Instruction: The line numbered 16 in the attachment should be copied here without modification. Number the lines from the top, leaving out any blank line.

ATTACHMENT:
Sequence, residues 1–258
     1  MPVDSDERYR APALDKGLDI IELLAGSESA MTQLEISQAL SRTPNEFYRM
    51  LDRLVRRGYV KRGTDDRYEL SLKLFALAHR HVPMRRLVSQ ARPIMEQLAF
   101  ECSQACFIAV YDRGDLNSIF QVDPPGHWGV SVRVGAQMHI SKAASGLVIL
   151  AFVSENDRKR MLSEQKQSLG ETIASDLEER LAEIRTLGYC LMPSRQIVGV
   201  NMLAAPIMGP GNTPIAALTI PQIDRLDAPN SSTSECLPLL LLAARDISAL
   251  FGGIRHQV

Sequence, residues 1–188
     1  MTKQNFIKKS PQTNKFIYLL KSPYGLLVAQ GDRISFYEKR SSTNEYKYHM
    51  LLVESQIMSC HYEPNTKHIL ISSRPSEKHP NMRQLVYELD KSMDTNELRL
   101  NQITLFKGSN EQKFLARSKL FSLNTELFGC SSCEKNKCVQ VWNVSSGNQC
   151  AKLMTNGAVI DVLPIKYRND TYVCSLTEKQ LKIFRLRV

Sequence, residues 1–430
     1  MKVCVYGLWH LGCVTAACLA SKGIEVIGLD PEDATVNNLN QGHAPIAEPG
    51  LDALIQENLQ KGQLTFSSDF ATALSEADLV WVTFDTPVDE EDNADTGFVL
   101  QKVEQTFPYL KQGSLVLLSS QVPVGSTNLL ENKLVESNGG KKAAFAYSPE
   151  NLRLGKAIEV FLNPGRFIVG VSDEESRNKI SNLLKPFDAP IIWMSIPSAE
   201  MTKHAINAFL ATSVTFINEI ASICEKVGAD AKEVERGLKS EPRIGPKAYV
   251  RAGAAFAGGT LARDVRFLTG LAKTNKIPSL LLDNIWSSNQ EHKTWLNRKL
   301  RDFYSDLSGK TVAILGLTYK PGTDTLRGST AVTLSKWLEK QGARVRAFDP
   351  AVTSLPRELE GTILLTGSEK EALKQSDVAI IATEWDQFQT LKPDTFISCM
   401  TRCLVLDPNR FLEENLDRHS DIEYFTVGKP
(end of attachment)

   101  QKVEQTFPYL KQGSLVLLSS QVPVGSTNLL ENKLVESNGG KKAAFAYSPE